Notification from Bangera’s Spice Labo : Dinner & Belly Dance Show (20.12.11)

Date: 11th December, 2020
Open 18:00
Show 19:00~19:20 & 19:40~20:00
Food & Drink LO 19:40
End 20:15

Location : Bangera’s Spice Labo
2F TOKI building 3-5-7, Funabori, Edogawa City, Tokyo
TEL 03-6808-0739
https://g.page/bsl_funabori?share

Fee: Buffet + Show ¥3500 (Inc. Tax)
All you can drink plus ¥1500

<Reservation>

<Buffet menu>*Product image for illustration purposes only. Actual product may vary.

1.Chicken malai tikka
2.Sheek kebab
3.Mint chutney
4.Poori-Sabji
5.Naan
6.Chicken Mughali
7.Dumh Murgh Aloo Biryani
8.Raita
9.Achar
10.Halwa

<Artist>

Wakana

映像 Silkroadcafe スタッフ YouTubeチャンネル『RAKUDA TV』より。

Yoshi Komatsu belongs to the Arabian Dance Company, Nagwa Bellydance Studio.
Studied under Mr. Yoshi Komatsu and Mr. Nagwa. From an early age, he has become familiar with dance and art, such as rhythmic gymnastics and learning Japanese dance from his mother in Natori, Hanayagi style. At the recommendation of her mother, she met belly dance at a sports gym and started attending the Komatsu Yoshi Arabian Dance Company in 2014 to study Egyptian-style oriental dance and Mahmoud Reda-style folk dance. In addition to actively participating in the WS of teachers in Japan and overseas, he is also good at Russian style, which allows him to utilize his physical abilities. In 2019, he was selected as the Queen Champion at the International Dandash Competition In Tokyo. Invited to the Dandash Festival in Gypto-Cairo. He has several regular shows at restaurants in Tokyo and is energetically working with the motto of having customers enjoy themselves. Currently, he is a show dancer and instructor at the Komatsu Yoshi Arabian Dance Company to which he belongs.

[Major awards] -Domestic-
◾︎TIBC2015 Non-Pro Oriental Solo
Winner, Jury Special Award
◾︎ Kasai Bellydance Competition in Japan 2016
General group category champion
◾︎ Rising Stars Competition 2017 in Yamanashi
Professional solo category champion
◾︎ 1st Tokyo Belly Dance ★ Star Birth
Professional solo category runner-up
◾︎Winner of the 2nd Xavicon Yosley Cup
◾︎ International Dandash competition In Tokyo
Pro solo CD category champion
Winner of Dandash Queen Champion

-Overseas-
◾︎ World Bellydance Convention in Korea 2015
3rd place in the semi-professional solo category
◾︎ International Dandash Festival In Cairo
Professional CD Division
Winner of the Live band category.

Kanna & Natsumi  – Members of belly dance clubs at Tokyo University of Foreign Studies

<Indian roots to Bellydance>

Belly Dance is indeed, one of the oldest dances on the planet. The roots go far back in time, spreading to the Middle East and beyond from India, to Persia, to Turkey and Egypt. It was not until the twentieth century, that belly dance became a world-class dance art rivaling any other theater dance in it’s sophistication, complexity and beauty.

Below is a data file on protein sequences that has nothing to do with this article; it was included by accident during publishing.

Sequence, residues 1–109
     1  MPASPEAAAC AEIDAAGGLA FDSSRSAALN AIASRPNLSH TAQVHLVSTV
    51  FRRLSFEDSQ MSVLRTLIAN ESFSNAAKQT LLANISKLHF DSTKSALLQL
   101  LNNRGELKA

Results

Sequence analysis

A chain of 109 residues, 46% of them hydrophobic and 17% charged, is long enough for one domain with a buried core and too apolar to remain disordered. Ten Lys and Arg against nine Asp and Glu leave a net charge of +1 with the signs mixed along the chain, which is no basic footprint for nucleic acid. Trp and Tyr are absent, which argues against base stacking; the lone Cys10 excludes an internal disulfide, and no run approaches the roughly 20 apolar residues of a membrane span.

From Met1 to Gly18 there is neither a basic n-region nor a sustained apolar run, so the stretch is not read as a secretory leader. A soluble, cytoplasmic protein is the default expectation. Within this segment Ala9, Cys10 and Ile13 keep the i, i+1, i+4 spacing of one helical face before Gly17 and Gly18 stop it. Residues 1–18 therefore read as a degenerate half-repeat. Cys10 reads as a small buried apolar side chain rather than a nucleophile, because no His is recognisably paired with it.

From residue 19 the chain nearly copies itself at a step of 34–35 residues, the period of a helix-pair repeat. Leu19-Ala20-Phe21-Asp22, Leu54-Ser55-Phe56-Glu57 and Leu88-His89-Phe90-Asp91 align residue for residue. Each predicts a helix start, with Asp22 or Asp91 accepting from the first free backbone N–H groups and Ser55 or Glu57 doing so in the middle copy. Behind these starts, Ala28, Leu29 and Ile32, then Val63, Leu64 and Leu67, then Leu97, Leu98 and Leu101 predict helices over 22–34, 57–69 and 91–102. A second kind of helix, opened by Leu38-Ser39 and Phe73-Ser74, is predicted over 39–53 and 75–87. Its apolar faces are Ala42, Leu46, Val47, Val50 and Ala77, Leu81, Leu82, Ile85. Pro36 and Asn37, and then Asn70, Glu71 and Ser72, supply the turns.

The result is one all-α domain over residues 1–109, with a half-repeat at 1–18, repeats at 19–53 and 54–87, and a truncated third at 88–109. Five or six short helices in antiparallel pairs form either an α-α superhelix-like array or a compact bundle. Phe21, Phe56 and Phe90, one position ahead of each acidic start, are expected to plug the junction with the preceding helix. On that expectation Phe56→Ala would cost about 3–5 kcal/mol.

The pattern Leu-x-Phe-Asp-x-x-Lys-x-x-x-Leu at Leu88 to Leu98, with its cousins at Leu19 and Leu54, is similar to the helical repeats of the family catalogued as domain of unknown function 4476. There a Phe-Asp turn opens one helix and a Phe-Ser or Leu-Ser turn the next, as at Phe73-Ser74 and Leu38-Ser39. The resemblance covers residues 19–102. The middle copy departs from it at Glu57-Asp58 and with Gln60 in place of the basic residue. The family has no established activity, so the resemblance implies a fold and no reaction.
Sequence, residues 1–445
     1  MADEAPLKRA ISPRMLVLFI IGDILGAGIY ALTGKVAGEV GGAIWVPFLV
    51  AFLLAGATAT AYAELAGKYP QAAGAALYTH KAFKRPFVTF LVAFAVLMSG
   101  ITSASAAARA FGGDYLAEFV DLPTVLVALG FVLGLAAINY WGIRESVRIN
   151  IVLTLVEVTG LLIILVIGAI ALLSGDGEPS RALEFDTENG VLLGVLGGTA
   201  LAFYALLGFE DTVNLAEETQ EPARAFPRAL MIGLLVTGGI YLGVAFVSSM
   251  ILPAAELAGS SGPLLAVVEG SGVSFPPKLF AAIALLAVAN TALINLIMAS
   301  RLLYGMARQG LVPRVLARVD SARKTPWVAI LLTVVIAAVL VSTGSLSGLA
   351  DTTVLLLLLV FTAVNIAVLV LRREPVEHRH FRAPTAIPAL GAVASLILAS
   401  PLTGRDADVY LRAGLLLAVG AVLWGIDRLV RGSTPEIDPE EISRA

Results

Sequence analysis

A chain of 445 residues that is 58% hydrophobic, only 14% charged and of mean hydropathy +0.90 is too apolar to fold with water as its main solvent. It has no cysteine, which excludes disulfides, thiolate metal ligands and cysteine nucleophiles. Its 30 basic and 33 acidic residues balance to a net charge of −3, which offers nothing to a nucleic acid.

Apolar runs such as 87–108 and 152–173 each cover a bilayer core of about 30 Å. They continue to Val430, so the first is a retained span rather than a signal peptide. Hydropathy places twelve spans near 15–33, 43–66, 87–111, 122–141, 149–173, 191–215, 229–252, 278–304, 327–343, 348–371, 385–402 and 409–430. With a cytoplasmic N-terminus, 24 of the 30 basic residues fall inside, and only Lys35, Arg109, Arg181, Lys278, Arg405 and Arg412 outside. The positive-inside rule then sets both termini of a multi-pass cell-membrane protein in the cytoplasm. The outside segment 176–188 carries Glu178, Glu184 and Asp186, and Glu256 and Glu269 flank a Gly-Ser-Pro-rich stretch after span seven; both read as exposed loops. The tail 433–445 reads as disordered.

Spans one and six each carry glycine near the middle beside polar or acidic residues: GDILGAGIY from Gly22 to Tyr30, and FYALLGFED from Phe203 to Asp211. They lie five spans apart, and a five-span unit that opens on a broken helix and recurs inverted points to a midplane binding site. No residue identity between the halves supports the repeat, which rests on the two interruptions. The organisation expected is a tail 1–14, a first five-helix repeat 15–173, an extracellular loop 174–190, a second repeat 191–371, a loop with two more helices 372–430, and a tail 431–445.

Most of the technique, postures, positions and many of the movements we find in belly dance today, are derived from the Persian tradition. However, they are not the only contributors to the evolution of belly dance. We also have Indian dance to thank for the art of Raks Sharqi, or, belly dance.

GYPSIES and ROMS

Arabic music and dance have roots in the music and dance of India, brought across the Silk Road through Persia, to Turkey and beyond, with the Gypsies. These early Gypsies were from Sindh, a large province in Punjab, a province in India. In Sindh they were called Kathaka or Gitan and were traveling minstrels. In Punjab they were known as the Bazigar, and were members of the royal courts. There, they were revered for their artistry, and held in the highest respect, until they were caught stealing, and were expelled from the courts.

Between the 6th and 11th centuries, they left India and migrated across Central Asia into North Africa, the Middle East and Europe. The common name for them was Gypsies, however, they identify themselves as “Rrom”, which in the Romani language means “man". The words Rrom, Rom, Dom and Lom are used to describe Romani peoples who diverged at this time. Because of this, it was initially believed that they were a branch of the Romani people. But recent studies of the Domari language suggest that they (the Gypsies) departed earlier from the Indian subcontinent, than the Romani. Nonetheless, in Persia and Turkey Gypsies are called Dom or Rom. In Egypt they are called Nawar.

As they travelled they made their living as entertainers, (singers and dancers). Wherever they settled they assimilated the local music and dance and modified it with their own dynamic style. The countries they settled in in the Middle East – Persia, Turkey and Egypt – were the countries that belly dance comes from. Because the Rom have an oral tradition and express their culture and history through music, poetry and dance,they became the curators and librarians of each countries’ version of belly dance.

At Bangera’s group of restaurants, we do not just serve the authentic Indian food, we are determined to introduce the vivid & diversified Indian culture & traditions which are one of its kind. Come let’s take a deep dive to entice our souls with the exuberant Arabic music, mesmerizing dance moves of divas of the night, and the harmony of herbs & spices which will be evident in our food.